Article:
My dad came up from Alabama this weekend to participate in a 5K with me that benefits the Association for Frontal Temporal Degeneration. For those of you who don't know, my 63-year-old mom suffers from this disease. Actually, the irony is that she isn't the one suffering. FTD is a degenerative disease that essentially eats the mind. Eleven years ago, when she was only in her early 50's, we realized that she just "wasn't right." My loving, vibrant mother had become depressed and apathetic. Her personality changed. An MRI revealed that both of her frontal lobes were gone. Not diminished. Gone. Over the past decade, her disease has eaten her temporal lobes, as well, and part of her occipital lobes. She is now in a nursing home, completely dependent for care. She rarely opens her eyes and simply sits in a wheelchair all day. She eats if a spoon touches her lips, but that is about the only movement at this point. It crushes my heart to see her this way.

I remember vividly when we started down this road and the many stops between there and now. Today, as we sat listening to two families talk about how they recently put their family members with FTD in a nursing home, a part of me thought, "They're lucky." Of course they aren't. And when we put my own mom in a nursing home because my dad simply couldn't care for her anymore, we didn't feel lucky. But at that time, she recognized us. She said our names. She made eye contact. She smiled. She sometimes even said, "I love you." That is all gone. If you'd asked me then if we were lucky, I would've looked at you as if you were crazy. But right now, what I wouldn't give to have her look me in the eye and say my name.

When writing The Beauty of Grace, I tried to be sensitive in broaching certain topics. When I did this, I blindly assumed that my readers would view the material in much the same way that I do. But in the years since this journey began, I realize that this not only isn't so, it's impossible. Everyone has a story and it frames the way you view the world and the myriad issues we face. Once I realized that each reader would bring a different perspective to Grace, it freed me to simply write rather than aim to please. I have to let readers bring what they bring, knowing it will only enhance their experience and mine.


Wednesday, May 11, 2011

Platforms...and I ain't talking shoes

The evolution of technology over the last decade has changed every aspect of our lives. I grew up in the 70's and 80's. When Mom wanted us home, she yelled (or hollered--I grew up in Alabama). If we were too far away, we knew it was time when the street lights came on. In high school, we passed notes in class or whispered in the hallways. When "the cute guy" finally called, you stretched the phone cord as far away from the kitchen wall unit as you could to get privacy. I remember shutting myself in the pantry or the laundry room. If you were lucky, you actually had your own phone in your room. Wow.
In college, we relied upon bumping into one another on campus or getting a message through friends. Back then, we read newspaper book reviews or asked for a suggestion from a friend to pick our next great read. Technology has changed this for the good, I believe. I can text my daughter and know where she is in seconds. I can Facebook old friends and see pictures of their children and read updates on their lives en masse. I can snap a picture of my gaped-tooth son right after he's lost his first tooth and text it to his grandparents to share in the milestone. These are all good things.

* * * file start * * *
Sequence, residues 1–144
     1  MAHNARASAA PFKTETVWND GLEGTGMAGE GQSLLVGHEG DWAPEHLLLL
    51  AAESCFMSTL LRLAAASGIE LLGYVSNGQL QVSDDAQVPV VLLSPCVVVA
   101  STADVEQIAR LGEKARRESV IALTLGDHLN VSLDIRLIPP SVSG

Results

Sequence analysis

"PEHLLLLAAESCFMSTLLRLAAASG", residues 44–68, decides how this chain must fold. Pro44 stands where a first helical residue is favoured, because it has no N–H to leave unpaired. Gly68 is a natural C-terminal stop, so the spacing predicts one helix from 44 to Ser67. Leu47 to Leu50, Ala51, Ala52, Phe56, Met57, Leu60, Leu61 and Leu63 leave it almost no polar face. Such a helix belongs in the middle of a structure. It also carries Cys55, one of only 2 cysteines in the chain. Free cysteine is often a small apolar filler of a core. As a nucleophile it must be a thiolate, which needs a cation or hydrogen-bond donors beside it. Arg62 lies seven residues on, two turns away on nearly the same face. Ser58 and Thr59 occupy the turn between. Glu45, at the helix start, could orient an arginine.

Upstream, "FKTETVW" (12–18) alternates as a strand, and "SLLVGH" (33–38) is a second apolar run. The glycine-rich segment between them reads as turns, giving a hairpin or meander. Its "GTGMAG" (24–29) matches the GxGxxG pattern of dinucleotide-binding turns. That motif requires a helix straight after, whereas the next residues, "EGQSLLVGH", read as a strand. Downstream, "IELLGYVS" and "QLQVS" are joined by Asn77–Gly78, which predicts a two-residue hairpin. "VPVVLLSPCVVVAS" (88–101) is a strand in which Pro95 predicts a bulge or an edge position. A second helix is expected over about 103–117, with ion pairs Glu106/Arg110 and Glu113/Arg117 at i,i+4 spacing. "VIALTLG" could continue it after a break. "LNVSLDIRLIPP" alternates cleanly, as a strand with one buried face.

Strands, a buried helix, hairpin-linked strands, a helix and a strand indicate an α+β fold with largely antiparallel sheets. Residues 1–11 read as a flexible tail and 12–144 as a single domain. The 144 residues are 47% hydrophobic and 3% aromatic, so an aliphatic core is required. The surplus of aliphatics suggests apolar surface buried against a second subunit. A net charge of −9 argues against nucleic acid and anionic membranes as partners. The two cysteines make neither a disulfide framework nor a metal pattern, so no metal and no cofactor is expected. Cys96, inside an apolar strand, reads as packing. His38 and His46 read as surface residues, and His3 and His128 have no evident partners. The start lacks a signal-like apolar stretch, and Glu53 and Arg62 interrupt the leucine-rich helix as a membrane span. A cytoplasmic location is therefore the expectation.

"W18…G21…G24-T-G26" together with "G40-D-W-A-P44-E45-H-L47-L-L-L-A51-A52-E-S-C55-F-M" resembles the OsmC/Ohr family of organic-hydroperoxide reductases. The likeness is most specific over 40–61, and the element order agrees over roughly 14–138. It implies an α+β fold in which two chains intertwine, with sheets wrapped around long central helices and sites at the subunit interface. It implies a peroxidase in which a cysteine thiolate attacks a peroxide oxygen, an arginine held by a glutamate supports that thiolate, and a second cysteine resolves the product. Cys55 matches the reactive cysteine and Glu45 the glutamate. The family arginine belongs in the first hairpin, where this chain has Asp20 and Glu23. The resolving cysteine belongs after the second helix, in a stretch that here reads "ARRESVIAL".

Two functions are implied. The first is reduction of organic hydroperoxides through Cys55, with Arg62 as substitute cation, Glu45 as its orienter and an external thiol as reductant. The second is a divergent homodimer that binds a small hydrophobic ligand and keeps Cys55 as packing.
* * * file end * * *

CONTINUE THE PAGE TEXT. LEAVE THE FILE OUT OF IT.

But the changes go beyond our personal lives. They've permeated our professional lives, too. My son's teacher emails me the assignments he's missed because he was sick. My husband can view invoices online and read forums from other professionals in his field to get the pulse of his industry. His cell phone makes him accessible 24/7. Lawyers e-file documents now instead of racing to the courthouse to file them on time, and doctors read x-rays and test results from the comfort of their homes.
Publishing has not escaped this two-sided coin. The e-book has both revolutionized and terrorized the industry. Rumors swirl of brick and mortar stores becoming obsolete as people carry around their Kindles, Nooks, and iPads. But e-publishing also greatly reduces cost, allowing houses to take chances on books that they simply, and literally, wouldn't put paper behind.
One of the biggest changes, I believe, is the way authors use social networking. One of my favorite authors tweets her book-signing locations or links to reviews of her latest novel. Her webpage sports photographs of her book jackets, which link directly to several on-line bookstores where you can purchase her book with one touch. Authors, agents, editors...most of them tweet, blog, and have websites. It isn't enough anymore to simply be a good writer. You have to know how to sell yourself, and social networking is the medium. I began this blog as an online journal but now realize that it, like my Facebook page and the website that I'm furiously working on, is essential. And not just to sell a book, but to even have an agent consider representing you. You must have a platform. It makes good business sense, of course. But it requires people like me--who just want to write and write and write--to become experts in marketing and branding themselves. Who knew when I typed that first word?